Opening –> Investigating (SPIN model for questioning comes in here) –> Demonstrating Capability –> Obtaining Commitment.
Opening: the research shows that staying on point is key, conventional wisdom on opening may not work so well for bigger sales, specially “starting off with chit-chat” or “open by demonstrating advantages”; a good rule of thumb to follow will be to establish:
-who you are
-why you’re there (but not by giving away product details)
-your right to ask questions.
Investigating: I’ve explained above in the SPIN model.
Demonstrating capabilities: The main thing to learn from this is the difference between features, advantages (usually referred in sales training as benefits), and “true” benefits.
Features – have low impact over the long and short term, they don’t really relate to the customer. Over-featuring a product will always lead to price objections, which might either be a service or disservice to the product depending on whether the price is low or high respectively.
Advantages – these are the ways that a customer/buyer could benefit from using the product, but since it does not tie in to their Explicit Needs, they’re very easy to forget.
(True) Benefits – They tie in strongly to the customer/buyer’s explicit needs and are the answer to their Need-Payoff statements. Customers/buyers will remember them because they relate to their deepest needs.
Obtaining commitment: the main point here is to understand the four kinds of outcomes that can come from a sale.
- No Sale
Since immediate No Sale/Sale situations only make up 10% of sales calls for high price items, one should pay attention to Continuation and Advances instead.
Continuation is usually made up of flattery of the product: “that was a great presentation”, “we look forward to hearing more”, but no actual commitment to follow the relationship in any meaningful way. This is why they are considered unsuccessful.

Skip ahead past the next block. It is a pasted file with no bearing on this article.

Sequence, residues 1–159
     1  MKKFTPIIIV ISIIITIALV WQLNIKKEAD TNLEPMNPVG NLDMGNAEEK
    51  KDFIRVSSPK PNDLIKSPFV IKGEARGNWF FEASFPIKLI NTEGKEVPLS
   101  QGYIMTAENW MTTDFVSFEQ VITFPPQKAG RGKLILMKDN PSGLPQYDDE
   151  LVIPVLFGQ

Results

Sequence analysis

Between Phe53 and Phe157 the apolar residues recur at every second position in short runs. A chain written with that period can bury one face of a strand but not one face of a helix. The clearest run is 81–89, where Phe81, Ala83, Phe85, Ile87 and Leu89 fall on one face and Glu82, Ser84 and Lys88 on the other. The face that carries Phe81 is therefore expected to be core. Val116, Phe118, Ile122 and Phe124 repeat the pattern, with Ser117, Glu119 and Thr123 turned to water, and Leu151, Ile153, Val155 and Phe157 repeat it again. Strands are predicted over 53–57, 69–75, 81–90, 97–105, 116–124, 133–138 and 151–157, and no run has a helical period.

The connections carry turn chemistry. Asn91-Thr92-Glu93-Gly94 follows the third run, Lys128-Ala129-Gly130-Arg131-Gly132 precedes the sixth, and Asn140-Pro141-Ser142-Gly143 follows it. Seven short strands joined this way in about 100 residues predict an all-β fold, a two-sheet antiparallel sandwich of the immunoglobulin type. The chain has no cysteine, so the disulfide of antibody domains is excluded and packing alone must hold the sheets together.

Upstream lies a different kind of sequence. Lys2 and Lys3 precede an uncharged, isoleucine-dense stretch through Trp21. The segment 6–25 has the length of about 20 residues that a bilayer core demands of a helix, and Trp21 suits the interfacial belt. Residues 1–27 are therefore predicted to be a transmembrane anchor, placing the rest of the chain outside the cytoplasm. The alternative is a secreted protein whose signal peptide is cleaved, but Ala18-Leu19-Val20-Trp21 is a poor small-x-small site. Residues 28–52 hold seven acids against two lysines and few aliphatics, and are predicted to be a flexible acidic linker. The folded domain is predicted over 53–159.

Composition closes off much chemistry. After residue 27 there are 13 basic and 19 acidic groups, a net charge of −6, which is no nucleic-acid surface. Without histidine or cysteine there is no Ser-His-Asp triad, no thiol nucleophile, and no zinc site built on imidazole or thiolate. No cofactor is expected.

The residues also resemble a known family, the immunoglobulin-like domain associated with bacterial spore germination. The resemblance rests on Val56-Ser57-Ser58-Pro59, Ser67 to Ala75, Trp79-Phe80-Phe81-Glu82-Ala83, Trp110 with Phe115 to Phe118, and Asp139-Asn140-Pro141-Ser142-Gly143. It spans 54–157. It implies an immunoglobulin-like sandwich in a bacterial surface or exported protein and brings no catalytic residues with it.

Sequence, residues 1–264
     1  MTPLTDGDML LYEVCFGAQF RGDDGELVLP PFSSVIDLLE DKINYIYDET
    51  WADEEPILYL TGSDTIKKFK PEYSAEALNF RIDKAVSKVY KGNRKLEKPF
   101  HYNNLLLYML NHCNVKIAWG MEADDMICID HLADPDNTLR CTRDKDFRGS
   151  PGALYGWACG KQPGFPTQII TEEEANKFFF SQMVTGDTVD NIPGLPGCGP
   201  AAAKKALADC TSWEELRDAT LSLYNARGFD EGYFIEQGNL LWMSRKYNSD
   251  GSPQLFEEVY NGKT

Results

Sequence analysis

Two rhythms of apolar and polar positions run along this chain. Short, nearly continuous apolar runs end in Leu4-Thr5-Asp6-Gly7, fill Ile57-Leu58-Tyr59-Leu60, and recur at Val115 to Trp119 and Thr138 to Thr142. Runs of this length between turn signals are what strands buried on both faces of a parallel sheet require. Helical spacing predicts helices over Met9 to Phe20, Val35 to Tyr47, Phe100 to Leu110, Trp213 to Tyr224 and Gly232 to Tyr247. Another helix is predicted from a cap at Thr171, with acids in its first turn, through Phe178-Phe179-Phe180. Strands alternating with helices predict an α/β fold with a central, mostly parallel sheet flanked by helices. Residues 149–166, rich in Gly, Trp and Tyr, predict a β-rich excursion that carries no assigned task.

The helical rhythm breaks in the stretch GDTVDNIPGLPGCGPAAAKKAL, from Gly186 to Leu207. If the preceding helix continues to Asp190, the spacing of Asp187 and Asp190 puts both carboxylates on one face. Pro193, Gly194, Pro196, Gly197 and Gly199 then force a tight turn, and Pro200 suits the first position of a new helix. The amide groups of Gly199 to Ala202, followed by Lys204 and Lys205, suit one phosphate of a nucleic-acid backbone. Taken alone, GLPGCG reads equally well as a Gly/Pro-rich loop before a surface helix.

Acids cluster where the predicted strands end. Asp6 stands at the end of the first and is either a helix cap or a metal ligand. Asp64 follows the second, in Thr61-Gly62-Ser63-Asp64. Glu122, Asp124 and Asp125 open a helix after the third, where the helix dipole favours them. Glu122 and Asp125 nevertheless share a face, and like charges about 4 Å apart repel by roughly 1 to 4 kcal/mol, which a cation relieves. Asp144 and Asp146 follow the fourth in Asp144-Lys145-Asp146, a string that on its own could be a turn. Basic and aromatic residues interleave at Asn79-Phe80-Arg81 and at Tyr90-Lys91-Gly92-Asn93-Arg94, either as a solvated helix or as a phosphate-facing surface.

Advances on the other hand offer a “next step” kind of mentality. The sale won’t be done right there, but both parties are taking steps forward and it is considered a success since it’s more likely to lead to an actual sale.
The book also covers how research suggests that the areas in which most sales training focus most of their energy (closing techniques, open-closed questions, objection handling) are far less effective for large sales. Instead there’s obtaining commitment, SPIN model for questioning, and objection prevention.
These are the main points I drew from this book; I’d recommend you read the book if you saw any information here you’d like to improve and/or learn more about. I’ve decided that I’m going to work in a position in sales that pays solely on commission for the next little while. The items I’m aiming to sell will be high-ticketed items (cars sales, real estate, corporate tech solutions).
I’m not doing this for the ﬁnancial remuneration but rather to apply the skills and mindsets that this book has taught me. As with anything you read, I also recommend that once you ﬁnish SPIN Selling (either the actual book or just my notes) you should take action in the near future to practice the ideas that Rackham presents.
Entelechy – the becoming actual of what was potential.
This word is used towards the end of the book to emphasize the importance of actually integrating any skill one learns in order to make it truly ingrained. I included here as well to reiterate its importance.
Until the next time guys.